catio? Post your best photos in the Comments below. Your pet’s pad could be featured in an upcoming Houzz story.
 
In Costa Rica, Houzz user Shirley McKale built a barn for her three rabbits who needed a little shade and shelter from that Central American sun. With a door and two windows on either side, the barn has a lot of ventilation, and that tin roof reflects the sun, keeping the interior cool.Read more!
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10 Ways to Create a Dressing Area Large or Small

Consider these ideas for carving out space in a corner of your bedroom, bathroom or closet.

Have you ever watched a film or TV program and been struck with a serious case of room envy? While some people fall in lust with beautifully designed kitchens, living spaces or bedrooms seen on the small or silver screen, walk-in dressing areas are what set my heart aflutter. Carrie Bradshaw’s dressing room in the Sex and the City movies is a personal favorite.

If you dream of having a similar space, here are 10 ways you can work one into your home, regardless of the size of your budget or interior. While there are a few Carrie-worthy dressing rooms below that are large, a little extravagant and may cost a pretty penny to re-create at home, there are just as many ideas that are more affordable and space-efficient, and can be achieved with a few simple tweaks to your space.
 
 
 

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5 Ways to Pare Down Your Stuff — Before It Gets in the Door

 

Want to free up some room around the house? Rethink gift giving, give yourself a shopping mantra and just say, ‘No, thank you’ to freebies.

 
Can you nicely refuse unwanted things others might try to foist on you? What can you say when relatives do not see the gifts they have given you proudly displayed on the mantel? And how can you win the battle with your own mind as you try to shove yet another item from the Target decor section into your shopping cart? These five tips can help you navigate these sticky situations, leaving your home unburdened by things you don’t use — and your friendships intact.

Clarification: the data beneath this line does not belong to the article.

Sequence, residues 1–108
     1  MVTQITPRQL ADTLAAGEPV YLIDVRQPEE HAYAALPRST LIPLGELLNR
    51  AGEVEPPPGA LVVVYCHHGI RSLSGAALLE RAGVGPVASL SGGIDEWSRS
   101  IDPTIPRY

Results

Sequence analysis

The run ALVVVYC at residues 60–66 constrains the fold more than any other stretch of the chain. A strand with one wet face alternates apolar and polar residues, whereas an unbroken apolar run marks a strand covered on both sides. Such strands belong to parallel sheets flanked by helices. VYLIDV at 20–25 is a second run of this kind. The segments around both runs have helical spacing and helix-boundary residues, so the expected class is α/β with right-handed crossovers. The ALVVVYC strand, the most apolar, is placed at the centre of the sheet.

First Things First: How to Prioritize Home Projects

What to do when you’re contemplating home improvements after a move and you don't know where to begin

I recently received a desperate email from a friend. For a variety of reasons, school and work related, she and her husband and two little boys had been bumping around the globe for years. They had just moved back to the States and bought their first home. As excited as she was to be close to family and settled down, she was also exhausted from the move. In her email she wrote, “I am feeling crazy because I need to furnish a house and pick paints and it is all so overwhelming for me. I’ve been a nomad my entire adult life. Do you have advice?”

Most of us don’t know what it’s like to change continents with a family. But a big home project can feel like too much for anyone starting out or going through a big life change. Adding to the pressure, in this age of instant everything, it’s easy to think that you ought to have a perfectly appointed home within seconds of moving in. I think we’ve all seen the before-and-after articles in which a designer gives a house a makeover in less time than it takes most of us to buy a can of paint. If you are in my friend’s shoes, looking around your place worrying and wondering, this is what I recommend.
 
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How to Keep Your Stainless Steel Clean

Protect this popular kitchen material with a consistent but gentle cleaning routine

For the past few years, designers have debated whether or not stainless steel will continue to reign supreme in kitchens across America or lose its popularity to glossy black or white appliances boasting sleek, smooth finishes.

While the trendsetters debate, however, millions of us continue to choose to live with the commercially cool look and functionality of stainless steel. Whether you have a little or a lot of the shiny stuff, here’s what experts suggest we do about those fingerprints, and how to care for and clean one of the hardest-working surfaces in the house.

Set up a few systems now for an easy and organized routine when school starts.

 
Are you the parent of school-age children? If you are I would like to talk to you about the end of the school year. 

“What? Why? It’s August!” You may protest. 

Don’t I know it, but that’s exactly why I want to have this chat. You may not remember last May. You probably blocked it out, and I certainly don’t blame you, but let’s look back. Did you stagger through the gauntlet of spring concerts, parties, field trips and teacher appreciation week only to find yourself coughed up on the shores of June exhausted and twitching? With your last breath did you swear, “Next year we are going to be more organized”?
 
Well, I’m sorry to remind you, it is August, which means the drumbeat of back to school is growing ever louder. I know there are some of you who can’t wait to get back on a schedule and get everything organized, but for many of us, organizing anything is … Hey, put down that bottle! I’m here to help. We can do this.